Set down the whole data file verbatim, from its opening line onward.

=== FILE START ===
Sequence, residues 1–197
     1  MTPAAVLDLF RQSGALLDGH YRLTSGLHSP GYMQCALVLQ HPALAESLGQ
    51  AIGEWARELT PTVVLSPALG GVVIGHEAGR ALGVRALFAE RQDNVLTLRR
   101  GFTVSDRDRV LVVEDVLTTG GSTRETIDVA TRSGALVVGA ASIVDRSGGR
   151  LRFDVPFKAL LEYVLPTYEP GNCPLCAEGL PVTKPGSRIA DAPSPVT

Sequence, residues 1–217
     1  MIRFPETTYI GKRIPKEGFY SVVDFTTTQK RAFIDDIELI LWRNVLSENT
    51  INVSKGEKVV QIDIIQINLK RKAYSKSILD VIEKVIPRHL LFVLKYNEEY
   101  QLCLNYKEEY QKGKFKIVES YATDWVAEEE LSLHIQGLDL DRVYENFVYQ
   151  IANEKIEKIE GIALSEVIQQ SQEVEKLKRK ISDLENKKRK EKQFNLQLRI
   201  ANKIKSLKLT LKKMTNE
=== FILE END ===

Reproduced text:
Sequence, residues 1–197
     1  MTPAAVLDLF RQSGALLDGH YRLTSGLHSP GYMQCALVLQ HPALAESLGQ
    51  AIGEWARELT PTVVLSPALG GVVIGHEAGR ALGVRALFAE RQDNVLTLRR
   101  GFTVSDRDRV LVVEDVLTTG GSTRETIDVA TRSGALVVGA ASIVDRSGGR
   151  LRFDVPFKAL LEYVLPTYEP GNCPLCAEGL PVTKPGSRIA DAPSPVT

Sequence, residues 1–217
     1  MIRFPETTYI GKRIPKEGFY SVVDFTTTQK RAFIDDIELI LWRNVLSENT
    51  INVSKGEKVV QIDIIQINLK RKAYSKSILD VIEKVIPRHL LFVLKYNEEY
   101  QLCLNYKEEY QKGKFKIVES YATDWVAEEE LSLHIQGLDL DRVYENFVYQ
   151  IANEKIEKIE GIALSEVIQQ SQEVEKLKRK ISDLENKKRK EKQFNLQLRI
   201  ANKIKSLKLT LKKMTNE